98b Constitution Street, Leith, Edinburgh, EH6 6AW


Joanna Goddard, commercial growth strategist, is a highly respected business consultant based in the UK

Why don’t more businesses get work experience right?

Huge congratulations to Lyles & Sutherland – this dynamic high growth company is not only successful for their clients and team, but also proved successful for a school pupil. I know this because that pupil was my youngest child.

Having now seen three children through fourth year high school work experience week (Scotland), as well as listen to a tribe of their fellow friends over the last four years, I have been amazed to hear how varied the experiences can be. One friend of my son arrived at his placement to find that the first few staff members had no idea who he was upon arrival. Another simply was asked to do filing and make tea and coffee all week.

What was clear from the Lyles & Sutherland experience was:

  • That thought and planning had gone into why the pupil was joining them
  • That all of the team had been briefed and encouraged to make the pupil welcome.
  • A realistic work plan was ready for the pupil upon arrival.
  • Thought had been put into company for the pupil during lunch breaks.
  • The team were briefed that discussing career paths, courses of study and job specifications across the team were of interest.

I have helped many business over the years create an effective work experience programme and coupled with my experience as a parent would urge more companies to give this more consideration.

Some points to consider:

Why get involved?

  • Many team members feel a sense of purpose and reward from inspiring students – it can add to great job satisfaction
  • Skills honed through planning for, welcoming and informing a student can help develop communication skills for staff members that engage with clients
  • Local profile with schools, community organisations and parents can be raised
    Community engagement evidence can be relevant for tendering when referring to your CSR credentials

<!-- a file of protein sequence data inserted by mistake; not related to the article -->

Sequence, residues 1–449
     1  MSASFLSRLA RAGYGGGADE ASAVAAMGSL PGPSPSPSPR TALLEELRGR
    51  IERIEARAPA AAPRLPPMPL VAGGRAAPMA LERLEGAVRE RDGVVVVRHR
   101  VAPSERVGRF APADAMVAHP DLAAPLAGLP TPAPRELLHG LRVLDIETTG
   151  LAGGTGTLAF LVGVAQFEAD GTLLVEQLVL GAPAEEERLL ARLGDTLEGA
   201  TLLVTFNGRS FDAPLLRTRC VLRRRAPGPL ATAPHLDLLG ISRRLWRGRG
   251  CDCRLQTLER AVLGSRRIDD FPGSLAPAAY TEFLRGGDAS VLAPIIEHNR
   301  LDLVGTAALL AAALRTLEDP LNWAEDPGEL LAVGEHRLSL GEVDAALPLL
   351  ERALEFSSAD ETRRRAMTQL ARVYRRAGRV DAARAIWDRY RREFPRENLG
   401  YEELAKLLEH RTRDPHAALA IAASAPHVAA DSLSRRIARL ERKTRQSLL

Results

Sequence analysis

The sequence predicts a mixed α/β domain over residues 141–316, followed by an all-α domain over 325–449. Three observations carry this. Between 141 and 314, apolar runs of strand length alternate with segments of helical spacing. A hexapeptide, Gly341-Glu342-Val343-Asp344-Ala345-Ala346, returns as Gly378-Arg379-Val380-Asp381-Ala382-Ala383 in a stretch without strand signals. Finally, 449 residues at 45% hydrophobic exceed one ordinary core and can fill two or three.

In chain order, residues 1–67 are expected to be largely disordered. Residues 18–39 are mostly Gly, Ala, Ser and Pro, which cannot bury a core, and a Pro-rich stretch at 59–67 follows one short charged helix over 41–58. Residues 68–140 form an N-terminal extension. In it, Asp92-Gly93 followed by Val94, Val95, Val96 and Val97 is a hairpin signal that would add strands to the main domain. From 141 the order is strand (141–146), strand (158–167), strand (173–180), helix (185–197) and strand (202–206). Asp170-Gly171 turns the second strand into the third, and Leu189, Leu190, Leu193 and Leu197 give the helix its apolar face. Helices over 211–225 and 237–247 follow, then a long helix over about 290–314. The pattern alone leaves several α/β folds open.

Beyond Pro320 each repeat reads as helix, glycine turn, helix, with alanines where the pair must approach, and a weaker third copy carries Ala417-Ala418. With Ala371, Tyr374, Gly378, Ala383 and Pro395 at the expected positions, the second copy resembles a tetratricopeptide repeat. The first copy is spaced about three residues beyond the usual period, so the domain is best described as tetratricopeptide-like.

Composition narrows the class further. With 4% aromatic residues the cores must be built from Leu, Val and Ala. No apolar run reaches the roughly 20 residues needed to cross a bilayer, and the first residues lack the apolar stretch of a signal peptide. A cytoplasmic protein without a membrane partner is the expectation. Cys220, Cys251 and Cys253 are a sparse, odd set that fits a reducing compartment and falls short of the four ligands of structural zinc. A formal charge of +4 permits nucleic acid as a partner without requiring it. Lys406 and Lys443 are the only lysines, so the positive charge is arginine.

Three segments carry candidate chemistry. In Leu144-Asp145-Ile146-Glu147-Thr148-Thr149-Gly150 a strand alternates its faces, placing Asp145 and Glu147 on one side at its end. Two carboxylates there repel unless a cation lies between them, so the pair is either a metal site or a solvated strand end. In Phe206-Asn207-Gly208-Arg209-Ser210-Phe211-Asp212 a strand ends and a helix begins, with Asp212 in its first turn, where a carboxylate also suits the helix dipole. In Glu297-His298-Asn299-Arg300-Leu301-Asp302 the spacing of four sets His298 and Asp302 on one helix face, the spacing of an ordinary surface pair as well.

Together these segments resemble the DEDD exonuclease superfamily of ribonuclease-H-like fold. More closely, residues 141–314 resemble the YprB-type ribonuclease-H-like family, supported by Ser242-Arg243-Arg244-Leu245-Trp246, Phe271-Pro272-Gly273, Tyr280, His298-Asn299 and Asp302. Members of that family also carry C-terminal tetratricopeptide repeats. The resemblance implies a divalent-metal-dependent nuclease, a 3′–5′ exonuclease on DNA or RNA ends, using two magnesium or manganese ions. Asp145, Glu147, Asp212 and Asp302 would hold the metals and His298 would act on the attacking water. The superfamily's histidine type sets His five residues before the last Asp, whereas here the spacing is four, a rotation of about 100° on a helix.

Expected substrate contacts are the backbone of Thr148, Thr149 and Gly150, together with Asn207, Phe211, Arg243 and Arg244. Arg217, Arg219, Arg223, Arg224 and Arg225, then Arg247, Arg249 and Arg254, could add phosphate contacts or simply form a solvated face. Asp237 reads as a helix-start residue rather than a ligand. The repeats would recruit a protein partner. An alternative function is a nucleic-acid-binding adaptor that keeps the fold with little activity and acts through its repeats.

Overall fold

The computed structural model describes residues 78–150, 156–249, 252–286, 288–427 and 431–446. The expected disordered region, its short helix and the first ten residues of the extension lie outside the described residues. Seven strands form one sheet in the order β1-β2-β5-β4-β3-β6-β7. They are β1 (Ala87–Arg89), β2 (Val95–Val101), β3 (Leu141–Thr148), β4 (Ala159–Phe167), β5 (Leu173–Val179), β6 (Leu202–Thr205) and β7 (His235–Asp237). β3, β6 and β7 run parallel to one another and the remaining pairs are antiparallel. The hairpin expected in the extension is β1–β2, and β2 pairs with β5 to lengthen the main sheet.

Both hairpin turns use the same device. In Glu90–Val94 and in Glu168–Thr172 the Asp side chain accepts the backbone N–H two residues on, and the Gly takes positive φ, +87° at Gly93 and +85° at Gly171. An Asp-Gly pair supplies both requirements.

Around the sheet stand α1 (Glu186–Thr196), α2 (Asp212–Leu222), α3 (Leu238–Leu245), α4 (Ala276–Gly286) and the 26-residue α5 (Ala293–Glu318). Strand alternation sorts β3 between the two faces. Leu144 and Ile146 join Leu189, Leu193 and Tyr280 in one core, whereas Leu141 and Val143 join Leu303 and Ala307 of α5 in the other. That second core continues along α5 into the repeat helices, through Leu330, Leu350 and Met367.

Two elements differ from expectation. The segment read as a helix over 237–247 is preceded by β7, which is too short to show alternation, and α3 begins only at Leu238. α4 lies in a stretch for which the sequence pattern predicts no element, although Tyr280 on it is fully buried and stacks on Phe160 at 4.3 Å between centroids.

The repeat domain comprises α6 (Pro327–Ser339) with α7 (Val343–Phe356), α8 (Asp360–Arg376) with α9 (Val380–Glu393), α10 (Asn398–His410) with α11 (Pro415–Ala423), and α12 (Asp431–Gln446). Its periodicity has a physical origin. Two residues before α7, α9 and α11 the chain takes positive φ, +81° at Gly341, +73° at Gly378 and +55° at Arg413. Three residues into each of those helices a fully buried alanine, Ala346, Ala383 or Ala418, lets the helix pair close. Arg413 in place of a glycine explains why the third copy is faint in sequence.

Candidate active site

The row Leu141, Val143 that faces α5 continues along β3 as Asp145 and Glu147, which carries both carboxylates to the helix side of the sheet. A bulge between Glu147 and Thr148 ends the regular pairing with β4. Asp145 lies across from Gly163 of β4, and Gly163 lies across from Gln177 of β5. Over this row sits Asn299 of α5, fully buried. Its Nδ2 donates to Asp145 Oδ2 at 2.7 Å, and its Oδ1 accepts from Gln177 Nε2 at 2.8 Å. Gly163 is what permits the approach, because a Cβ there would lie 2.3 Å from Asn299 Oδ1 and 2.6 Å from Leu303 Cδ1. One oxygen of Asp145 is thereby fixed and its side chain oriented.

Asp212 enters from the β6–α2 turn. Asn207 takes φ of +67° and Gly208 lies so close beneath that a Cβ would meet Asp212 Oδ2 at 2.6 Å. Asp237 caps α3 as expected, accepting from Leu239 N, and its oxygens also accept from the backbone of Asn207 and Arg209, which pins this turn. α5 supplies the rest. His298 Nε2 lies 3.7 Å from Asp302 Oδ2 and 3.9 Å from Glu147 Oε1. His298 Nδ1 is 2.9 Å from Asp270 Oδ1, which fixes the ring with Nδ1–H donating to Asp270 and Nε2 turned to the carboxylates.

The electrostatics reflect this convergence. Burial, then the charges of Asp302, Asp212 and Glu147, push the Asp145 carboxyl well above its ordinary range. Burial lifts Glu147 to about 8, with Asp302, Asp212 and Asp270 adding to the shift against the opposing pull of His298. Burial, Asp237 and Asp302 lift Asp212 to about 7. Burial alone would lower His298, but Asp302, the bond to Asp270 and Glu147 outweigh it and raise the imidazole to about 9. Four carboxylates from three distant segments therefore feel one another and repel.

• Media coverage can on occasion be secured
  • You can inspire the career of a student and motivate them to achieve the grades they need in their last few years of school – often enabling team members to enjoy ‘giving something back’
  • You can help a student decide that a chosen career is not right for them in reality and help prevent a university drop out at a later stage by helping make an informed course choice at the outset

Ten Top tips on how to get work experience right

  1. Discuss student placements with your team – who remembers them, the good the bad and the ugly.
  2. Task a small internal team to create a work experience programme, including all aspects of the business, time with a variety of people and different roles. It’s an effective team building task.
  3. Adopt a ‘modular’ approach in hourly blocks so should business needs or absence changes affect team availability, you can easily swap around component parts throughout the week.
  4. Prepare a couple of desktop exercises e.g. 10 questions you can find the answers for on the company website. This enables any periods that crop up when nobody is available for the student to remain active and learn something at the same time.
  5. Brain storm with your team what ‘TV image’ there is of your industry and make a list of important reality factors that any student should be aware of as they make career choices.
  6. Have a buddy system so that there is at least one person ready to be a companion during lunch and break times.
  7. Prepare an ‘about us’ welcome pack – a PDF or PowerPoint that can be sent in advance of the placement that can assure students or parents of expectations, help manage arrangements and leave a positive impression about your company. Include aspects such as what to wear, how to get there on public transport, and what most people do for lunch.
  8. Blog post-event to share your experience but be sure to liaise with the school about what details you can and cannot mention – e.g. perhaps the school, but not the pupils name.
  9. Do also remember to ensure that you have school and/or parental permission before sharing photos of a child on social media.
  10. Debrief your team on how successful the pupil found the experience and thank them for their contribution to the week.

Thank you Lyles & Sutherland!

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